A nonprofit fund established to honor the memory and legacy of the late Monsignor Edward J. Ryle, considered by many the “conscience of the Legislature,” is offering a graduate level scholarship valued at more than $50,000.Read More »
When George Wylie Paul Hunt plunked his 300 pounds into the Arizona governor’s chair, he was a hard man to remove, even when it looked as if the voters had tossed him out.Read More »
Political activists and observers say term limits should be termed out, but average voters seem to like the law just the way it is.Read More »
A state agency that in the minds of some elected and private sector officials was a comfortable place for political appointees to perform is on the way out.Read More »
Jerry Colangelo, vice chairman of the newly formed Arizona Commerce Authority, sees his role as “rallying the troops and putting together a board that will provide leadership” in a concerted effort to improve the state’s economic and business status.Read More »
Despite a fairly positive report on the stability of the Arizona State Retirement System (ASRS) earlier this year, a major business group with no direct involvement in the fund is expressing serious concern.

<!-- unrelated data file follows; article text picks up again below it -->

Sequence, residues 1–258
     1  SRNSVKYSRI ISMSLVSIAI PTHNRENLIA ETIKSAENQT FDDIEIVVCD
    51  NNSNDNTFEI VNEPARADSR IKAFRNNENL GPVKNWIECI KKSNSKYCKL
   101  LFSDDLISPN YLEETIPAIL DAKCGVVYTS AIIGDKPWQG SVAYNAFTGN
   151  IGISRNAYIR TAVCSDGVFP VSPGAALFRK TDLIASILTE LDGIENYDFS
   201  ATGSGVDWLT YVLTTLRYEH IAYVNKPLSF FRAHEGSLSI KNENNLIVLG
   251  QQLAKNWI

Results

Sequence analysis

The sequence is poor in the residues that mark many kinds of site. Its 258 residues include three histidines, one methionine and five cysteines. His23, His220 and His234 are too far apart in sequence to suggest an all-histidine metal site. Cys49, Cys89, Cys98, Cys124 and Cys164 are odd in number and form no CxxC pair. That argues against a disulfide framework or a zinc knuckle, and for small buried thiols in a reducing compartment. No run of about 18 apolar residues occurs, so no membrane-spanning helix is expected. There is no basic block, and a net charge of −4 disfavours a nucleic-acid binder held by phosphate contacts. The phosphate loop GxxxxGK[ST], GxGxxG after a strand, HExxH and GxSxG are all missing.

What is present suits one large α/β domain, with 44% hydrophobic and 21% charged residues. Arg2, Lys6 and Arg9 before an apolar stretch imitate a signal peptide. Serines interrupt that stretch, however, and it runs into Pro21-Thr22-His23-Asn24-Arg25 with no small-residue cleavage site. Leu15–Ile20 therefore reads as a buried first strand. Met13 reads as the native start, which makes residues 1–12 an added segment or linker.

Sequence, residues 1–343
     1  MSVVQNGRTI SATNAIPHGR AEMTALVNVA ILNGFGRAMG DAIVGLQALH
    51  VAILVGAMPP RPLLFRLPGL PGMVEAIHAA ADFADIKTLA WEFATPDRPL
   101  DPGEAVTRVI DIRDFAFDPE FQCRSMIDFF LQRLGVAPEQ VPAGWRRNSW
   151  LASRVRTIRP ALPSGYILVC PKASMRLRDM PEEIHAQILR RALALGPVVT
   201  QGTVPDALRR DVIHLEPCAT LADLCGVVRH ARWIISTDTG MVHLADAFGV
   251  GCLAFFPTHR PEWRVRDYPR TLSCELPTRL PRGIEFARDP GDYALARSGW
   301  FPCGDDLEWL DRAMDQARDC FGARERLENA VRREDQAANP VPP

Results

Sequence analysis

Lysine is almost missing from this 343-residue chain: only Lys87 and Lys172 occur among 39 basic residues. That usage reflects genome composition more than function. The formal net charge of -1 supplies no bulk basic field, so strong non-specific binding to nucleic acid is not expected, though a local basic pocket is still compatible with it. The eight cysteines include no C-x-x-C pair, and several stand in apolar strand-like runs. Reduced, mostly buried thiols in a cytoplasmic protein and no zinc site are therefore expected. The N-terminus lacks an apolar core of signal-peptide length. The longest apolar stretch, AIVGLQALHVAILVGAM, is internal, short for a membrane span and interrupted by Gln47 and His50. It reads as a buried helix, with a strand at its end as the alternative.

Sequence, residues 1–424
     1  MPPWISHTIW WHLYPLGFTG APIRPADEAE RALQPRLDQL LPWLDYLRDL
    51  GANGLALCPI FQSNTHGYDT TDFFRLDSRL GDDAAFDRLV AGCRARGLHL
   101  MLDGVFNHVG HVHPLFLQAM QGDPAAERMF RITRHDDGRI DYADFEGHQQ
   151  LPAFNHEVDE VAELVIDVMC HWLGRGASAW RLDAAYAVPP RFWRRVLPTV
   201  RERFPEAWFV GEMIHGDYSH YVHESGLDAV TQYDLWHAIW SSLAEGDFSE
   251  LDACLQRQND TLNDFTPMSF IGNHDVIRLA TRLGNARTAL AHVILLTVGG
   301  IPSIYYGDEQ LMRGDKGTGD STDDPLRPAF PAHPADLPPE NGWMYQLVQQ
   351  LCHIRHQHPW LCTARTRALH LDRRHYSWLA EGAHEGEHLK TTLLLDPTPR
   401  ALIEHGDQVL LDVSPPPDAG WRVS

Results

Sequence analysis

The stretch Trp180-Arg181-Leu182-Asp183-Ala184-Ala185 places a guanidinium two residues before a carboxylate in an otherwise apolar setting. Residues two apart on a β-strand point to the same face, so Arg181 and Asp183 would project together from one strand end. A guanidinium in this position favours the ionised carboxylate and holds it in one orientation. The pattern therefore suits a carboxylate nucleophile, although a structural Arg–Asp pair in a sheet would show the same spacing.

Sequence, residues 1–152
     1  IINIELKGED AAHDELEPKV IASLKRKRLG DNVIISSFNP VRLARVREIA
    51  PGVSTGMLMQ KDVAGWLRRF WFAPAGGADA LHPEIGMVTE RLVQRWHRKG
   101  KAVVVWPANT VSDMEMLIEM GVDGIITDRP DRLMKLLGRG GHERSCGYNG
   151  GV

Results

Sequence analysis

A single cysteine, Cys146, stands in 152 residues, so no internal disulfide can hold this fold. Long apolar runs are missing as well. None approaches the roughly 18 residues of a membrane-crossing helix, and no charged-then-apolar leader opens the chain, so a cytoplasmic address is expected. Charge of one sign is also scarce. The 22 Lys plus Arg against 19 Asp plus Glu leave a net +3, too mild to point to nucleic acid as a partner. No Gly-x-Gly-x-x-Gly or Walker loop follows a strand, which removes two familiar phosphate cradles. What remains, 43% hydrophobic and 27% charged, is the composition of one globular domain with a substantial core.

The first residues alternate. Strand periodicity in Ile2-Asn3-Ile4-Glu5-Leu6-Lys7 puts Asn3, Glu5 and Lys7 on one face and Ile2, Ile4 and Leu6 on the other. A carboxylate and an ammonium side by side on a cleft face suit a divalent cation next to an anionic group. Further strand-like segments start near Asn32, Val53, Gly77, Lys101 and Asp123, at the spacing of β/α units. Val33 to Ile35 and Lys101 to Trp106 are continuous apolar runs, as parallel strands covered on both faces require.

The Arizona Chamber of Commerce and Industry, none of whose member firms has employees enrolled in a public pension plan, is calling for a major overhaul of ASRS to radically change how benefits are calculated for future retirees.
Max Hawkins, whose write-in candidacy for governor in 1990 forced an unprecedented runoff, has died in Henderson, Nev. He was 78.Read More »
A superstar with the old Brooklyn Dodgers, Joe Black pitched his way into the hearts of fans, kids he taught in school back East, and friends, colleagues and average folks he met in Arizona.Read More »
When the economy took a nosedive, budgets for mental health care were slashed and the number of individuals feeling stressed rose, fostering the need to fill a gap in services between crisis care and out-patient services.Read More »
When students return to schools in a month or less they will encounter bigger class sizes, fewer teachers and librarians, bus routes eliminated, and classrooms and corridors that aren’t quite as clean as they’ve been in the past.Read More »